10 Things Employees Can Do to Improve IT Security in 2016

1 - 10 Things Employees Can Do to Improve IT Security in 2016
2 - Employees Are Non-biased on Device Use
3 - They Rely on IT
4 - They're Confident in IT
5 - They're Confident in Their Own Security Chops
6 - They Value Security
7 - They Share Passwords
8 - They Reuse Passwords
9 - They Take More Care of Work Credentials
10 - Their Passwords Have a Price Tag
11 - They Resist Accountability
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10 Things Employees Can Do to Improve IT Security in 2016

The line between personal and business use of apps and devices continues to blur and will drive key trends IT must consider when building a security strategy.

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Employees Are Non-biased on Device Use

Increasingly, the lines between work and personal devices are blurring. Sixty percent of employees do work activities from a personal device, and 55 percent do personal activities on work devices. Further, one-third of employees access work data from personal devices more than once a day. The bring-your-own-device movement is here to stay, and companies must figure out how to support it securely.

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They Rely on IT

While employees admit to less-than-stellar password-related behavior, enterprise IT teams keep them on track. Seventy-six percent of employees say they're prompted to change their passwords every one to three months by IT, and 52 percent have changed their work passwords in the last month.

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They're Confident in IT

The majority of employees give IT passing marks. Eighty-two percent of employees say their company has good or excellent password and authorization measures in place. As software, device and technology use transforms due to rapid innovation in the space, IT must be able to keep employees educated about how to keep their identities secure.

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They're Confident in Their Own Security Chops

Enterprises' education efforts around security best practices are paying off: 79 percent of employees say they understand which online activities expose their personal or corporate information.

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They Value Security

Employee intentions are well intact: 58 percent of respondents believe protecting work-related information is very important, even more so than their personal emails and home addresses. With trust in IT as well as education and security awareness online, the outlook for 2016 security is bright.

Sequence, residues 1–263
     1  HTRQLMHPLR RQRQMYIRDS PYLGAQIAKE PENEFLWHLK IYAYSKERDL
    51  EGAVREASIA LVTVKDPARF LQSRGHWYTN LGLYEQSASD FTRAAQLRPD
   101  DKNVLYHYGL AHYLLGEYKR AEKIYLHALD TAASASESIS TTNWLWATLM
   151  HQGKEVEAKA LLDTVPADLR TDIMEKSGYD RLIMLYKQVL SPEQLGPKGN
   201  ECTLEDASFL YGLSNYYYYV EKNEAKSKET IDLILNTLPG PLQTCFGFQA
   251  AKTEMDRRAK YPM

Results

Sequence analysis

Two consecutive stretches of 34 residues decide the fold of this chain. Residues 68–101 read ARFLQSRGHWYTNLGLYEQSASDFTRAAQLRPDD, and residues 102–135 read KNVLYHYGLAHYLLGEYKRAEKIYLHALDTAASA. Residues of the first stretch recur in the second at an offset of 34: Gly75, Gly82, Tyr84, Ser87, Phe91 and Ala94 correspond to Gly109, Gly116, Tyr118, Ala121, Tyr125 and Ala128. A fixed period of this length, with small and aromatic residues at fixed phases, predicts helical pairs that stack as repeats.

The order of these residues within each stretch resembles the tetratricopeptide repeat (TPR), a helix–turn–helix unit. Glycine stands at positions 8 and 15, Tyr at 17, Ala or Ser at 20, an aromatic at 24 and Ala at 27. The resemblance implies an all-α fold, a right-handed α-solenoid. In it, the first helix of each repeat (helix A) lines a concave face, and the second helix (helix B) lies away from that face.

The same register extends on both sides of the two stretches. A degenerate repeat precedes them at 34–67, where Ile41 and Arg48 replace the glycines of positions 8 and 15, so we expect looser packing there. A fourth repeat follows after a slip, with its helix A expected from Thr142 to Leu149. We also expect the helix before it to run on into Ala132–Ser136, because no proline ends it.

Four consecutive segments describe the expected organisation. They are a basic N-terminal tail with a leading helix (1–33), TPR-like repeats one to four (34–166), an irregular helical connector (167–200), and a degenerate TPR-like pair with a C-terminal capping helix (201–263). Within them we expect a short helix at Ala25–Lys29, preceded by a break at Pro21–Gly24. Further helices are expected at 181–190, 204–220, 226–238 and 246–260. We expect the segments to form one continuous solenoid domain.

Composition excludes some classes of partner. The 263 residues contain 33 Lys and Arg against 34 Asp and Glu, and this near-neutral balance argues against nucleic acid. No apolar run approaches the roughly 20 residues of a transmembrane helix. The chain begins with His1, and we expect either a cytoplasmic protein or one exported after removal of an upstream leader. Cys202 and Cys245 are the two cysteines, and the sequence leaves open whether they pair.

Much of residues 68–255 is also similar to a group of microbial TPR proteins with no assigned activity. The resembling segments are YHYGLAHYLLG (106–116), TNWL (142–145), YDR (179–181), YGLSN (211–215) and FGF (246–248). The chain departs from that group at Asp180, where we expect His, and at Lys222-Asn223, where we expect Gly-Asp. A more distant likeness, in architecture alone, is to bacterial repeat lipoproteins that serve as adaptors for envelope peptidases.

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They Share Passwords

More than three-quarters of employees believe it's risky to share passwords, but 37 percent are still likely to do so. In fact, 54 percent admit to sharing log-in credentials with family so they can access each other's computers, smartphones and tablets. Employees today use work and personal devices interchangeably; it's prudent for IT to assume their corporate network may extend farther than expected.

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They Reuse Passwords

If your account has been breached and your log-in credentials are in the hands of malicious hackers, it's wise to assume those hackers will test those credentials (email, username, password) every day for the next 10 years. It's easy to see why password reuse is risky. Half of respondents admit they are likely to reuse passwords for work-related accounts and two-thirds are likely to reuse passwords for personal accounts.

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They Take More Care of Work Credentials

When asked about work and personal credentials, employees admitted to being more careful when it comes to their work log-in credentials. Three-quarters of employees would not give up their work email log-in credentials for anything.

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Their Passwords Have a Price Tag

While 74 percent of employees wouldn't give up their work email credentials for anything, one in 10 would trade them for a paid mortgage or rent for one year. Further, 14 percent would give up their work email log-in credentials to pay off student loans.

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They Resist Accountability

Fifty-nine percent of employees believe IT is accountable in the event of a corporate data breach. C-level executives are the next to be held accountable at 17 percent, and only 11 percent believe they, as individuals, would be held accountable in the event of a breach.

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